Today is May Day, a day traditionally associated with the rites of Spring – a day of rural revelry arising from the slow blending of the sacred and the profane over many centuries. A day to worship trees, gather flowers, light bonfires, eat bannocks, dance around the maypole, and wash ones face in the dew to preserve one’s beauty. A day of prognostications and proverbs about the weather and the crops.
A day, especially if you have German heritage, to indulge in a little ‘Maibowle’ (May Bowl) – a wine cup flavoured and perfumed with Woodruff (Asperula odorata), a little white flowering herb that grows in the woods. Here is a recipe from those lovely ladies, Mrs Leyel and Miss Hartley, in ‘The Gentle Art of Cookery’ (1926)
Put a pint of white wine and two of red into a jug with sufficient sugar to sweeten it. Cut an orange, without peeling it, into thick slices and add it to the wine: then throw in some bunches of woodruff well washed and drained. Cover the jug and leave till next day.
Always drunk in Germany on May Day
Always drunk in Germany on May Day
Which is all very well for the rural inhabitants of the Northern Hemisphere. What about the rest of us? Luckily, in many parts of both hemispheres, today is also International Workers' Day – a day celebrating some historic wins by the labo(u)r movement (work is the same in all countries divided by confused spelling – and we all work, dont we?).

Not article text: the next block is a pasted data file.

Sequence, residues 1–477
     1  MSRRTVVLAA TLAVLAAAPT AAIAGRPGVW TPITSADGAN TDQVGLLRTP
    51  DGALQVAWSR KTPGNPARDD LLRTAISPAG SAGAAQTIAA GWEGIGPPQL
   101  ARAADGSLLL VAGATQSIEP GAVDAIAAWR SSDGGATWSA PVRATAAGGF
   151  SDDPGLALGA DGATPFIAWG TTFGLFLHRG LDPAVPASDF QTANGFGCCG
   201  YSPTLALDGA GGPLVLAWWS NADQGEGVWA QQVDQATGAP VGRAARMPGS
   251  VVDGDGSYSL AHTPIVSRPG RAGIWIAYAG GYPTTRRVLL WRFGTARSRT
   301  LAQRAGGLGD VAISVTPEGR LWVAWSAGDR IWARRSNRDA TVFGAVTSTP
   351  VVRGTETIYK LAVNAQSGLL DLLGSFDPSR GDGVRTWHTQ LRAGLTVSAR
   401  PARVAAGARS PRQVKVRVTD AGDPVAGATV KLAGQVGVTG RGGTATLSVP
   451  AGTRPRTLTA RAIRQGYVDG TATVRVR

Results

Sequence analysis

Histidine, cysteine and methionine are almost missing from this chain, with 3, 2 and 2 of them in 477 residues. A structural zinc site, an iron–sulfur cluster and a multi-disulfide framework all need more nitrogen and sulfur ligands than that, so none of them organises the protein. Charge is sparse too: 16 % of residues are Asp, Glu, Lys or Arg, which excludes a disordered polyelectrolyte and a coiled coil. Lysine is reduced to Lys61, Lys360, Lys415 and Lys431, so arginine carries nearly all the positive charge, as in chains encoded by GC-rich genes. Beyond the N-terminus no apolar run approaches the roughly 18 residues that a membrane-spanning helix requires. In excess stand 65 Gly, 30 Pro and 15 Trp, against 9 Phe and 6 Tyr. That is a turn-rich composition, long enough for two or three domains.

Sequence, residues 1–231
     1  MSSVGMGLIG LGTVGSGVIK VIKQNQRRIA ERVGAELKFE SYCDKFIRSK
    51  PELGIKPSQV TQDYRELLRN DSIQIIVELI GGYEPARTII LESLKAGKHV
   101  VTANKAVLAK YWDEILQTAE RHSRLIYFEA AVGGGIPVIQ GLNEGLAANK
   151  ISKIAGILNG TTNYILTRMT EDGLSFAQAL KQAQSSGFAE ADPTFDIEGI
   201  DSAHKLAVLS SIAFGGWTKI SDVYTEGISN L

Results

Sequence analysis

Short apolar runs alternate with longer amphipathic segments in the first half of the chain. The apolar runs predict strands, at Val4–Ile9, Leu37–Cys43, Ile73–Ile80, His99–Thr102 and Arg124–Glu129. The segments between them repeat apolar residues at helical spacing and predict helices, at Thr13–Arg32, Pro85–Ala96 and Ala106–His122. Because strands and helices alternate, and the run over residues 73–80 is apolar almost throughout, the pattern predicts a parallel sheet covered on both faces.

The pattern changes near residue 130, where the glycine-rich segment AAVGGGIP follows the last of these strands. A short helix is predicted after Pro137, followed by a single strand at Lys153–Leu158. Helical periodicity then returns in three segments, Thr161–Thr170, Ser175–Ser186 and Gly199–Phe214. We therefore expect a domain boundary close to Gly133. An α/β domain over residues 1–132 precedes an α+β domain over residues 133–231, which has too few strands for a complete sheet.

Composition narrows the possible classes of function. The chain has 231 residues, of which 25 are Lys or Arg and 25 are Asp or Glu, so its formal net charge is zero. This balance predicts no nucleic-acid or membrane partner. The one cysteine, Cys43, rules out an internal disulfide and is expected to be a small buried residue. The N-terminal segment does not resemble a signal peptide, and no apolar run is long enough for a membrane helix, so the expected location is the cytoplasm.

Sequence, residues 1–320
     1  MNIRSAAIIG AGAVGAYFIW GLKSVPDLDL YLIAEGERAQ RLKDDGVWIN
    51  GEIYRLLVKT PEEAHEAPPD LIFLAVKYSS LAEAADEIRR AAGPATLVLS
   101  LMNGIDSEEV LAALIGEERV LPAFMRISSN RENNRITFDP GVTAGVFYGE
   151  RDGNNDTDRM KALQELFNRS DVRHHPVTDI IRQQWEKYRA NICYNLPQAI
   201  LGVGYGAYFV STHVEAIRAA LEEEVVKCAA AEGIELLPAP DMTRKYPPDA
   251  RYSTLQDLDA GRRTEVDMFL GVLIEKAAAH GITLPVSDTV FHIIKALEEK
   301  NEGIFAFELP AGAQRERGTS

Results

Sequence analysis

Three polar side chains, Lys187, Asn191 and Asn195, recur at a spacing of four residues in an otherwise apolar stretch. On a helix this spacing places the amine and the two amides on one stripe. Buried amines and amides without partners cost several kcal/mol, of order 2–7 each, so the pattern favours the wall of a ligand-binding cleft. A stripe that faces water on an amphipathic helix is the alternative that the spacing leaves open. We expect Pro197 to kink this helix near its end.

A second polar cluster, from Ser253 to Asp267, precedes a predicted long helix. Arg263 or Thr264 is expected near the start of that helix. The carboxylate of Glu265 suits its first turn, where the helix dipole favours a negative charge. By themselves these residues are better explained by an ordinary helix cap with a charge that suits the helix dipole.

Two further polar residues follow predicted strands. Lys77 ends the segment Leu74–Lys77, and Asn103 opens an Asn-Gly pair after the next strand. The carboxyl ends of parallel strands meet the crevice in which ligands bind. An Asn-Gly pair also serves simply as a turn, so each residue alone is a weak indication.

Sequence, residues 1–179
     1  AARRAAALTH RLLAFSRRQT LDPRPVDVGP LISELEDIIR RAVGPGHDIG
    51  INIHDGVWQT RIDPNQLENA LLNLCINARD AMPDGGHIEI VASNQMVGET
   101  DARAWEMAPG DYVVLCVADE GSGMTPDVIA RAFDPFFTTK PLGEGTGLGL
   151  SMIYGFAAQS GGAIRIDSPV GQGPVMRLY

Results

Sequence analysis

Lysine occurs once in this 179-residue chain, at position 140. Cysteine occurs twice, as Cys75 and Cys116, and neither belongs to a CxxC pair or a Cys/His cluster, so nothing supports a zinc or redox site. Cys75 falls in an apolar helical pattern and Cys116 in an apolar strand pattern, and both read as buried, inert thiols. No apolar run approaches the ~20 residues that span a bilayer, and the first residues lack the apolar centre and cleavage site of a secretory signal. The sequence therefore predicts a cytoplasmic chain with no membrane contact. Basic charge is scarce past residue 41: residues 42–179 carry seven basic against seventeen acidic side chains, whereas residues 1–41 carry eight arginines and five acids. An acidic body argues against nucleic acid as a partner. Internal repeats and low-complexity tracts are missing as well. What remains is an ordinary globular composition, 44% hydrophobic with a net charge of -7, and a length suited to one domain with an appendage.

A delightful mid-Victorian publication with the confident title of “Enquire Within upon Everything” advises us on ‘Work, how to accomplish’, in paragraph 436:
It is better to accomplish perfectly a very small amount of work, than to half do ten times as much.
Employers may not agree, and you may end up needing recipes such as this, also from within the book:
An officer’s wife is the contributor of the following: Four ounces of each of the following ingredients, viz. suet, flour, currants, raisins, and bread-crumbs; two tablespoonfuls of treacle, half a pint of milk – all of which must be well mixed together, and boiled in a mould, for four hours. To be served up with wine or brandy sauce, if half-pay permit. From two to three hours we find sufficient. It is an excellent substitute for Christmas plum pudding, at the small expense of 6d. or 7d.
Tomorrow: Dining in State.
Quotation for the Day …
In Paris today millions of pounds of bread are sold daily, made during the previous night by those strange, half-naked beings one glimpses through cellar windows, whose wild-seeming cries floating out of those depths always makes a painful impression. In the morning, one sees these pale men, still white with flour, carrying a loaf under one arm, going off to rest and gather new strength to renew their hard and useful labor when night comes again. I have always highly esteemed the brave and humble workers who labor all night to produce those soft but crusty loaves that look more like cake than bread. Alexandre Dumas (1802-1870)
Above and beyond …
There are two versions of May wine in the English “Cassell’s Dictionary of Cookery” at The Companion to The Old Foodie.
Those half-naked beings would never pass modern-day health codes! Still, it's a romantic image of the baker that will serve me well today. Thanks OF!
You mean to tell me that REAL bakers DONT work half-naked all night! You've ruined a perfectly good fantasy that has enhanced my croissant-eating for decades! Shame on you, Joe!
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